The mountain lion or cougar or puma: in the not so distant past they prowled the wooded hills and valleys of New England. In the 1930s the last Eastern cougars were reported killed and in the 1970s the Eastern cougar was declared extinct. In recent years there were reports of cougars by people who saw bobcats or large house cats . A few probably saw an occasional escaped pet cougar. Some may have seen wild cougars but couldn't prove it, of course. Sightings were usually dismissed by wildlife biologists.
Then there was the beautiful mountain lion killed recently by a car in Milford, CT. It was not a wistful figment of someone's imagination; there was the dead body in the road. A pet, people said, an escaped illegal pet. Or maybe it was released by an owner who could no longer care for it. Since humans are what they are, these things happen. But this was no pet.
Wildlife biologists had been tracking this particular mountain lion all the way from the Black Hills of South Dakota. How did they know it was the same animal? They were able to collect hair and scat samples and the occasional photograph taken by people crossing paths with the cougar. This was no pet, released or escaped. This was the real, wild deal. What was it doing in Connecticut?
Mountain lions will travel a very long distance to establish their territories. They need large territories, too, to maintain a sufficient prey base. Male cougars, especially, are known to travel considerable distances to find a new home. In South Dakota there is a fair population of cougars so job opportunities, so to speak, would be limited for a young animal. Opportunities to find a suitable mate would also be similarly limited. It's easy to understand why a young guy would hit the road.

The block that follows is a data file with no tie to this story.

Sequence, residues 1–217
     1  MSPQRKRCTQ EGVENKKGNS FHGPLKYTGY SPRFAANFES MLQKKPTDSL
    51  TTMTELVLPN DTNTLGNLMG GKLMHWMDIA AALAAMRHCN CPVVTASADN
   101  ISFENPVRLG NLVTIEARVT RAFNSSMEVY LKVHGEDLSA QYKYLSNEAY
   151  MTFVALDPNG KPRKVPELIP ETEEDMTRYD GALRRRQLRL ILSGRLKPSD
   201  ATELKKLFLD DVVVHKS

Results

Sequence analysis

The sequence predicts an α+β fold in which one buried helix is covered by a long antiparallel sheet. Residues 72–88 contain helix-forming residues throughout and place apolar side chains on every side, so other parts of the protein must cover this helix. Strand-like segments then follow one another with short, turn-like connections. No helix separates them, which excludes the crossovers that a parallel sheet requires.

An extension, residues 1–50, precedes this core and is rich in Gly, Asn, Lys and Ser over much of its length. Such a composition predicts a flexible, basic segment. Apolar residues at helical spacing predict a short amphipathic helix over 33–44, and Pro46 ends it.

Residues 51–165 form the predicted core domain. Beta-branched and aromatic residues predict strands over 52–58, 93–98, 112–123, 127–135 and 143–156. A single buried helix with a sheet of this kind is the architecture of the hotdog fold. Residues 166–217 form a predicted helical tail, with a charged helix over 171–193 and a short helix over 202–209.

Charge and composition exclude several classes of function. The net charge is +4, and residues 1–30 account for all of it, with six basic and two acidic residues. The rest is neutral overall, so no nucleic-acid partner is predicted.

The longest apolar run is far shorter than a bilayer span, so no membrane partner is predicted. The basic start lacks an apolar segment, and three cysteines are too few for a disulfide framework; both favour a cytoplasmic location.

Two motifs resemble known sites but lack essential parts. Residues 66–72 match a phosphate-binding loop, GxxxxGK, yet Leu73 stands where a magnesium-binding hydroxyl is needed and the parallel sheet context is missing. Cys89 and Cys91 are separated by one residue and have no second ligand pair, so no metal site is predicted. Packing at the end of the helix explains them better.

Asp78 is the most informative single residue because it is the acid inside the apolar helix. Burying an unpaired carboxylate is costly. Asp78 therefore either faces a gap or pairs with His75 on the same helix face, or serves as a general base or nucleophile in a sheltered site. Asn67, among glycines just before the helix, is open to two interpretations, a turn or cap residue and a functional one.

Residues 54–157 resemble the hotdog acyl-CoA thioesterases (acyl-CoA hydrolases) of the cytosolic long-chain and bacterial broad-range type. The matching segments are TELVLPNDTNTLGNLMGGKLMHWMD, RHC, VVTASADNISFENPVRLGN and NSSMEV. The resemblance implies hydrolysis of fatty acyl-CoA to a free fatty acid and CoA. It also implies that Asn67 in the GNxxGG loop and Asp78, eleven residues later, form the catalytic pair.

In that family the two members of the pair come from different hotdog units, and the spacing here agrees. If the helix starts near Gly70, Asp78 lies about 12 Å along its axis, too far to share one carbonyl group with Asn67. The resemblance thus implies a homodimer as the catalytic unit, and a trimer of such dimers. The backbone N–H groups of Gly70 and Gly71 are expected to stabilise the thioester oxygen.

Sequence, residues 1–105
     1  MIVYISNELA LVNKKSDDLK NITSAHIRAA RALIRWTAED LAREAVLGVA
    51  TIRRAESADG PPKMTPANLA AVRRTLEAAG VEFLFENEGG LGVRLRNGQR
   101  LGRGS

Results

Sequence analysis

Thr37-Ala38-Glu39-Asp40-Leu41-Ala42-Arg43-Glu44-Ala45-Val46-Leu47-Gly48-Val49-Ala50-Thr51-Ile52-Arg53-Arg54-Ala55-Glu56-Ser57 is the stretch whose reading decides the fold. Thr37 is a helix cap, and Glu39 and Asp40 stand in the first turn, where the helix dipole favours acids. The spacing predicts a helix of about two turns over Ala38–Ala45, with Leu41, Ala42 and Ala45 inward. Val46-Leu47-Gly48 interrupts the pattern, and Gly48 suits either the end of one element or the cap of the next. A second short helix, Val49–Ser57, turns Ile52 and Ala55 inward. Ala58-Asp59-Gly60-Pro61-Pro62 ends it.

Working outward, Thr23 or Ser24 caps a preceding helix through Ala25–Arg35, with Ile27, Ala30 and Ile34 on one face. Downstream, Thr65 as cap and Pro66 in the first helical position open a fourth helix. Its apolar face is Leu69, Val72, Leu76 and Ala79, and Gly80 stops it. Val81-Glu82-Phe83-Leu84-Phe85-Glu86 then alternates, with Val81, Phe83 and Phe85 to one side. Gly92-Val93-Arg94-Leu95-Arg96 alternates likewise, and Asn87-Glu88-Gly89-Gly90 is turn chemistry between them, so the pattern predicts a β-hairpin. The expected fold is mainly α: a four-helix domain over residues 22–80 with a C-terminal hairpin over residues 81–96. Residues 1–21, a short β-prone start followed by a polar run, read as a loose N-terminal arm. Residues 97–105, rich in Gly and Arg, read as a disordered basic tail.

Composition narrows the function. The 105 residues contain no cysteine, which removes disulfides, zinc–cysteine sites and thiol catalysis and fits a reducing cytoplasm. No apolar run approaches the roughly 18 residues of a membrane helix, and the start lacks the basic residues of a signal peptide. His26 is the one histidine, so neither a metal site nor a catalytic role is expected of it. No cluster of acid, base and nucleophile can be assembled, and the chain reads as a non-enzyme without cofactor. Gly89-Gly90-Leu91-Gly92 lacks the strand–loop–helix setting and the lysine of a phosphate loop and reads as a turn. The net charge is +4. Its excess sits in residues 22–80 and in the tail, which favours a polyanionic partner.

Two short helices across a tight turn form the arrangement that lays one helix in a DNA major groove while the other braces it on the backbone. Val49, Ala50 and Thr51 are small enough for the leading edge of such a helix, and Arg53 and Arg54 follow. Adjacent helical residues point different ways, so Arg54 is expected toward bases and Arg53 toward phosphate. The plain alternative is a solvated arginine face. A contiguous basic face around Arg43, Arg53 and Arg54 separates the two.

What drew this animal to travel so very far? No one knows. Surely there was good environment somewhere along the way; the woods of Wisconsin, perhaps. So why Connecticut? No doubt the biologists will come up with a theory. What I have is not so much a theory as a feeling. Nature was trying to re-establish something we humans thought was lost forever. Nature can do that. We are surprised to find snow leopards in Afghanistan, mountain lions in Connecticut. We thought we had destroyed them. Not quite yet. We should give nature a chance. I suspect the biologists will concur.